The crab is also known as the ‘reverse tabletop poses. Although it is not mentioned in the earliest classical Hatha yoga books, it is a relatively new modification of the ‘Purvottanasa’ for beginners who are looking for an easy backbend that can also strengthen the arms and legs.
When you begin your yoga journey, the most important thing is to take it slow and let your body relax so you can hold a particular pose for a long time. The crab pose is ideal and preparatory pose for not just more advanced ones but also brings deep relaxation to the body.
Let us take a look at this pose in detail and how to practice it:
The Basics of Crab Pose:
Known as ‘Ardha Purvottanasana’ in Sanskrit, the crab pose is ideal for beginners and often practiced as a preparatory pose for backbends such as the wheel. It can also be practiced as a follow-up pose for forward folds such as the ‘janu sirsasana’.
‘Purva’ in Sanskrit means ‘east’ and this pose helps in the flow of prana specifically to one’s frontal east.
If you feel comfortable holding this pose for a long time, you can graduate to the upward plank pose. For those looking for modifications, you can place yoga blocks on the floor and place your palms or feet on them to elevate the body even higher.
The crab pose targets not only the limbs but also helps develop core strength in the body. It helps create a sense of balance and can greatly improve posture in the long run.
The Benefits of Practicing Crab Pose:
The crab pose strengthens the wrists and ankles. If you are looking to be able to do the crow or crane pose one day, this is an ideal pose to work on with relatively weak wrists. It improves the movement of the shoulders and helps expand the chest. Thus, it not only activates your ‘Anahata’ (heart) chakra but can also help improve the functions of your respiratory organs.
When practicing forward bending poses, the body can often feel tired and fatigued. The crab pose can help alleviate some of the stress caused to the body and help you relax.
How To Practice Crab Pose:
- Sit on the floor with your legs stretched out in front of you. Place your palms on the floor beside your hips, with your fingers pointing in the direction of your feet.
- Bend your knees and place your heels and the soles of your feet on the floor.
- Shift the pressure of your body to your hands and feet.
- As you exhale, lift your body off the floor.
- Your arms should be straight and perpendicular to the floor from the wrists to the shoulders.
- Stretch your neck and throw your head back as far as possible.
- Stay in this position for a minute, breathe normally.
- As you exhale, bend your elbows and lower your body to the ground and relax.
- Practice three rounds and continue to hold the position for longer periods of time as you become more comfortable.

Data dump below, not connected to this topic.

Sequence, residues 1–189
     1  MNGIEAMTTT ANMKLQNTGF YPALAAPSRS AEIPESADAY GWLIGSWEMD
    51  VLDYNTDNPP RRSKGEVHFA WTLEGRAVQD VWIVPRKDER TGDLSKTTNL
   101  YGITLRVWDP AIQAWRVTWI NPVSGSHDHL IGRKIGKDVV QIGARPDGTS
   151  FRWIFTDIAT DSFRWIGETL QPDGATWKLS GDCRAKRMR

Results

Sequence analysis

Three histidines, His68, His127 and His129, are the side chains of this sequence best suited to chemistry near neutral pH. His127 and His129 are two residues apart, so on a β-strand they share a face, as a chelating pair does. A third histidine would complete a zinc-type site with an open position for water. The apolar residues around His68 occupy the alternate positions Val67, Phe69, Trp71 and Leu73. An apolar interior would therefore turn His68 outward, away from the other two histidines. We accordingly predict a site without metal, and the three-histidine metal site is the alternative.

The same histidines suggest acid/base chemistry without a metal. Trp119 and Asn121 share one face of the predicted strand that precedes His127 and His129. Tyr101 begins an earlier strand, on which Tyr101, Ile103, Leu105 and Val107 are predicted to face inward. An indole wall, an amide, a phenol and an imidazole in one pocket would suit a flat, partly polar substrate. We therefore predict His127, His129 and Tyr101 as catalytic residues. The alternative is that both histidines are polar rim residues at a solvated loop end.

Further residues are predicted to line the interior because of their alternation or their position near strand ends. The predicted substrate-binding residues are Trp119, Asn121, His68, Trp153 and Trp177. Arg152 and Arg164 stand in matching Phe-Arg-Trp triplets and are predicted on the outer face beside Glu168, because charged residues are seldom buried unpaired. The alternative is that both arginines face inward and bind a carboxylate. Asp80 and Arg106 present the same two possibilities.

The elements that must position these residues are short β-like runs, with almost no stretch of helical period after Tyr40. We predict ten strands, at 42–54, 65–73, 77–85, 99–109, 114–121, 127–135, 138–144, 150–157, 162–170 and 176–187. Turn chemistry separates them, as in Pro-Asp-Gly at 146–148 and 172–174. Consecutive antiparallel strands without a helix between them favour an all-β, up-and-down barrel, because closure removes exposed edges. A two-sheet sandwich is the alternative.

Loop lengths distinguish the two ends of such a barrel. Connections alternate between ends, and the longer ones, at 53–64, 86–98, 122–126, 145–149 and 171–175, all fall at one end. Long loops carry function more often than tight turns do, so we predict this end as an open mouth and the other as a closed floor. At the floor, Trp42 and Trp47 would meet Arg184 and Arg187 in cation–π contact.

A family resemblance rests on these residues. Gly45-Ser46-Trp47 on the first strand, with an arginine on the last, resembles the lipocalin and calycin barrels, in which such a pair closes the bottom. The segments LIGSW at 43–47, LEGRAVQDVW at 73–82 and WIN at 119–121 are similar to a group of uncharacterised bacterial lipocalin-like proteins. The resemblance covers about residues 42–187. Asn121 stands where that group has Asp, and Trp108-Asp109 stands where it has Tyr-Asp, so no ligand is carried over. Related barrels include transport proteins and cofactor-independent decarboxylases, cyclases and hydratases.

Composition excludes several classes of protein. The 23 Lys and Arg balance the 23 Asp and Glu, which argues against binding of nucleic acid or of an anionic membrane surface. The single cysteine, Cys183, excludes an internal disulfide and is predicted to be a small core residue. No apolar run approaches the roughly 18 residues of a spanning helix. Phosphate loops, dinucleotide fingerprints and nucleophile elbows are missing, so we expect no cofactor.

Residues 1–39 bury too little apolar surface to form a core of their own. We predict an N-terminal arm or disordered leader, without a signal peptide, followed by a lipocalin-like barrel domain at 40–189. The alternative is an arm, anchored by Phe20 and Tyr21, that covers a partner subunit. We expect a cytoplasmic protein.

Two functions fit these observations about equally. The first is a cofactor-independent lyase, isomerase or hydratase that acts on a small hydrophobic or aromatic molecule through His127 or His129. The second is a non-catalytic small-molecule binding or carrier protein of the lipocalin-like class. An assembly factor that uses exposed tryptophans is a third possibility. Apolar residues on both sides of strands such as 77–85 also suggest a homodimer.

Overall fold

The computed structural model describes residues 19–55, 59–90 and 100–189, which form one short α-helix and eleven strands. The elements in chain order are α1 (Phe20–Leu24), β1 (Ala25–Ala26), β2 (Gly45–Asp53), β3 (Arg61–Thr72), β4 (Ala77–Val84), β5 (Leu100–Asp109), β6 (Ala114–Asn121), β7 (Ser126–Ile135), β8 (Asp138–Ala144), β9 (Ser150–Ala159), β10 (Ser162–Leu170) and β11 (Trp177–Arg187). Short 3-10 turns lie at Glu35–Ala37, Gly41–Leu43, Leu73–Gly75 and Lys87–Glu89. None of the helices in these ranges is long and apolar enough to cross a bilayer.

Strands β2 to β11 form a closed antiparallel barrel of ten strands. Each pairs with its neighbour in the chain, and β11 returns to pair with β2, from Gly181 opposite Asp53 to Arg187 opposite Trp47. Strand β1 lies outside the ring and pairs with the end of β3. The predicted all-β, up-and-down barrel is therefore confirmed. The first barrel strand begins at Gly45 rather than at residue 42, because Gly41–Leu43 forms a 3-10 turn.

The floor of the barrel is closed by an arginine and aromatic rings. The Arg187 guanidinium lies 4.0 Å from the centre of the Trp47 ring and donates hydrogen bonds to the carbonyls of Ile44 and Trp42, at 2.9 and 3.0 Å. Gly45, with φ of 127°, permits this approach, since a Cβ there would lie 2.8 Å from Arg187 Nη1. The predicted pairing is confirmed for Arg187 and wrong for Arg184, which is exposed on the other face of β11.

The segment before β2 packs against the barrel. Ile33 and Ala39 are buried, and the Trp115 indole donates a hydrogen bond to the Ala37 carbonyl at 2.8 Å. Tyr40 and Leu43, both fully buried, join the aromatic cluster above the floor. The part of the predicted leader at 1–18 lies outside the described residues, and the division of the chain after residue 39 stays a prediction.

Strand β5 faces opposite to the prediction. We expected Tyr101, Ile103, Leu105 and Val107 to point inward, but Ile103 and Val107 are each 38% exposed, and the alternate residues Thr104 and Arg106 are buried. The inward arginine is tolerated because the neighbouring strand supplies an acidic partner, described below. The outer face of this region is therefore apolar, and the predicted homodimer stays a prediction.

- Follow it up by practicing a forward stretch or fold, or a relaxation pose such as the corpse pose (Savasana).
Be mindful of the direction of your wrists. As mentioned, your fingers should point towards your toes and not away from them. This is done to prevent injury and make sure that your wrists do not feel the excessive strain.
Another mistake practitioners often make is to take deep breaths when they are in this pose. Since your chest is already expanded, there is no need to breathe deeply. Make sure your breaths are normal and not forced.
Lastly, remember to close your eyes once you have titled your head back. This will not only help you relax but will also keep you from feeling disoriented in any way.
Do not worry if you are unable to hold the pose for a long time. Remember to be gentle with your body. If you think your wrists are weak, then you can warm them up before practice with a few rounds of wrist rotation.
If you find it difficult to raise your body using your wrists and feet, you can place something soft like a cushion or folded blanket under them to help you lift yourself up.
Since your entire body is stretched in this pose, it is best to practice this early in your practice so you can reap the benefits of it during your asana flow.
Some Cautions for the Crab Pose:
Since the entire body is supported by the hands and legs, those with wrist or knee injuries should not practice this pose. For those with a neck injury, practice the pose only under the guided supervision of a teacher.
If you have weak knees, it is advisable that you avoid this pose for practice a few knee strengthening poses before you practice the crab pose.
As a general rule for backbends, if you have any spine injury then you should not practice this or warm-up extensively before attempting the crab pose.
Variations of the Crab Pose:
If you are able to hold the pose comfortably, then you can straighten your legs in front of you instead of keeping your knees bent. Keep your legs together and keep your elbows and knees tight. This is known as the ‘Purvottanasana’ or the upward plank pose. The benefits and contra-indications of the pose are the same as that of the crab pose.
For those unable to support themselves in the crab pose at all, break it down into two parts. At first, you bend your knees and place your legs near your hips. Try to raise your trunk slightly and then lift your body using your arms. You can also try it the other way around, depending on what you are more comfortable with.